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5G is the 5th generation of mobile networks, a significant evolution of todays 4G LTE networks.  5G is being designed to meet the very large growth in data and connectivity of today’s modern society, the internet of things with billions of connected devices, and tomorrow’s innovations. 

5G will initially operate in conjunction with existing 4G networks before evolving to fully standalone networks in subsequent releases and coverage expansions.

5G uses radio waves or radio frequency (RF) energy to transmit and receive voice and data connecting our communities.

In addition to delivering faster connections and greater capacity, a very important advantage of 5G is the fast response time referred to as latency.

Latency is the time taken for devices to respond to each other over the wireless network.  3G networks had a typical response time of 100 milliseconds, 4G is around 30 milliseconds and 5G will be as low as 1 millisecond.  This is virtually instantaneous opening up a new world of connected applicatio


5G will enable instantaneous connectivity to billions of devices, the Internet of Things (IoT) and a truly connected world.

5G will provide the speed, low latency and connectivity to enable a new generation of applications, services and business opportunities that have not been seen before.

There are three major categories of use case for 5G:  

  1. Massive machine to machine communications – also called the Internet of Things (IoT) that involves connecting billions of devices without human intervention at a scale not seen before.   This has the potential to revolutionise modern industrial processes and applications including agriculture, manufacturing and business communications.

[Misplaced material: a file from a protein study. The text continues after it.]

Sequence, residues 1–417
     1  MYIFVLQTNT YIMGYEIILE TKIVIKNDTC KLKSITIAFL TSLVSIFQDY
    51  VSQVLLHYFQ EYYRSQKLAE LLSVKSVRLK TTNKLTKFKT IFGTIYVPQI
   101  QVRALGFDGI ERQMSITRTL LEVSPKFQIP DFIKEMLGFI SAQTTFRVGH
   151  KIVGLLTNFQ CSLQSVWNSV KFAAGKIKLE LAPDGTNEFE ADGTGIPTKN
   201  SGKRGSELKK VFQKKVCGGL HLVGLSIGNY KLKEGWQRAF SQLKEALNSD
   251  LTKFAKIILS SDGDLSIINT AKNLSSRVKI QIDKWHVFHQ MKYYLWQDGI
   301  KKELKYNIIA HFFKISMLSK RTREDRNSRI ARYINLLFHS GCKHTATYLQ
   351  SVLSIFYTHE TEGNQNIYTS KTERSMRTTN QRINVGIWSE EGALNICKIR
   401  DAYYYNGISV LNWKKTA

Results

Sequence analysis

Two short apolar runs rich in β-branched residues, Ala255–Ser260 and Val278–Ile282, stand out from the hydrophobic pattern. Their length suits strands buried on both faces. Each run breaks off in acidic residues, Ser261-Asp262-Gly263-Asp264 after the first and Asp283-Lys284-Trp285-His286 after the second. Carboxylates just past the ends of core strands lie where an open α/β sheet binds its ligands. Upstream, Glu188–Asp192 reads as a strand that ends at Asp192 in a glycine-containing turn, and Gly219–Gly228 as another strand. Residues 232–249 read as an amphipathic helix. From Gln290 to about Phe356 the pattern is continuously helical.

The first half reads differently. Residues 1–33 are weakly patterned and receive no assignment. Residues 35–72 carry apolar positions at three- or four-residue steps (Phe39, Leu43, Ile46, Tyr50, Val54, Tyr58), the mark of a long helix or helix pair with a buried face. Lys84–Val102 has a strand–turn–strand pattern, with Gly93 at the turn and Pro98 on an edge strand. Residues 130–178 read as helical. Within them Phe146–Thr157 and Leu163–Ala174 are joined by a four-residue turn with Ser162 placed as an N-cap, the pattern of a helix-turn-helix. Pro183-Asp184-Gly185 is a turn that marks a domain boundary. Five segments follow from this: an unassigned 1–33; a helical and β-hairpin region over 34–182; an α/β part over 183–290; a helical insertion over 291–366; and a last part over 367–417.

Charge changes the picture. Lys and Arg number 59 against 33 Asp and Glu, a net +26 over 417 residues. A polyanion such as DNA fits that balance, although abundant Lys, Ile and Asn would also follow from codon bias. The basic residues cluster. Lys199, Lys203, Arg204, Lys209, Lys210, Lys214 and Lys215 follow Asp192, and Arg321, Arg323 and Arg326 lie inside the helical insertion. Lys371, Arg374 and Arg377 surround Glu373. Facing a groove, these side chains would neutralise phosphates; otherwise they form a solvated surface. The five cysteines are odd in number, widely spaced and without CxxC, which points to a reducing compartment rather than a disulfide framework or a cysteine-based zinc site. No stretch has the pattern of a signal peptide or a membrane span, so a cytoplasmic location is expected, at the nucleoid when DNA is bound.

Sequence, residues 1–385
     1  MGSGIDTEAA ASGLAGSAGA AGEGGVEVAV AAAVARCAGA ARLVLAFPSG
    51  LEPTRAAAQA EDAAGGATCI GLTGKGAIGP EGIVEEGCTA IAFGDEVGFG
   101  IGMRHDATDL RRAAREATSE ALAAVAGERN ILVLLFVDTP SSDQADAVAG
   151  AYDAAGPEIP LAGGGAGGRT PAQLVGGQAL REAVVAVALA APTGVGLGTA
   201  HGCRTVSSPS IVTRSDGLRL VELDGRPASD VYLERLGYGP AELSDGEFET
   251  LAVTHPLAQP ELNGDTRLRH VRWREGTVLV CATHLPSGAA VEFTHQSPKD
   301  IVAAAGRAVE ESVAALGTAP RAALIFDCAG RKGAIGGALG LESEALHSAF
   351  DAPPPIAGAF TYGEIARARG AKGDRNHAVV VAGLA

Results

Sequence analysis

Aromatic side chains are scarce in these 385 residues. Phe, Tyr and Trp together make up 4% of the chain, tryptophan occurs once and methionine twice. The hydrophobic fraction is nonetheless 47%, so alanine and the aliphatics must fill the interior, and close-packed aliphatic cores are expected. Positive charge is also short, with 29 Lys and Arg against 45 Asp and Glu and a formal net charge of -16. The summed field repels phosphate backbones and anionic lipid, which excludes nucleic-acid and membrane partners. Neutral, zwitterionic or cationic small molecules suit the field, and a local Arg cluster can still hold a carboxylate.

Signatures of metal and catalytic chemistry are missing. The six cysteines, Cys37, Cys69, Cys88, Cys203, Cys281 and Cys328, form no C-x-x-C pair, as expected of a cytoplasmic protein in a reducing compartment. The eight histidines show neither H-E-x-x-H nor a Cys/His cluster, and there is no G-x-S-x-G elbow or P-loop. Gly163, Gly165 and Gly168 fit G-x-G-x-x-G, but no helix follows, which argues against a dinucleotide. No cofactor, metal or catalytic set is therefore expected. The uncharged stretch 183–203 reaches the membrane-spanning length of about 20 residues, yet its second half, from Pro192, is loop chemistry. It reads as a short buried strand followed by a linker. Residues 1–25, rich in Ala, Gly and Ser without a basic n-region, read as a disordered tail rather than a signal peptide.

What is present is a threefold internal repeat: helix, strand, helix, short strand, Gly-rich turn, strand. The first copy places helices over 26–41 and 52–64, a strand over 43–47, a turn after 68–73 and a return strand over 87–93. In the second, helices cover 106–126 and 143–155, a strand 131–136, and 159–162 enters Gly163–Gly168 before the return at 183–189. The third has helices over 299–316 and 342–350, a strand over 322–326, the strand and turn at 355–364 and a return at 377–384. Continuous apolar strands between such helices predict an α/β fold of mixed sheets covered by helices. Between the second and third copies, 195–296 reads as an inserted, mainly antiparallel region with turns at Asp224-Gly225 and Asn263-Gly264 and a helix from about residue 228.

2. Ultra-reliable low latency communications – mission critical including real-time control of devices, industrial robotics, vehicle to vehicle communications and safety systems, autonomous driving and safer transport networks.   Low latency communications also opens up a new world where remote medical care, procedures, and treatment are all possible
  3. Enhanced mobile broadband – providing significantly faster data speeds and greater capacity keeping the world connected.  New applications will include fixed wireless internet access for homes, outdoor broadcast applications without the need for broadcast vans, and greater connectivity for people on the move. 

For communities, 5G will enable the connection of billions of devices for our smart cities, smart schools and smart homes, smart and safer vehicles, enhance health care and education, and provide a safer and more efficient place to live.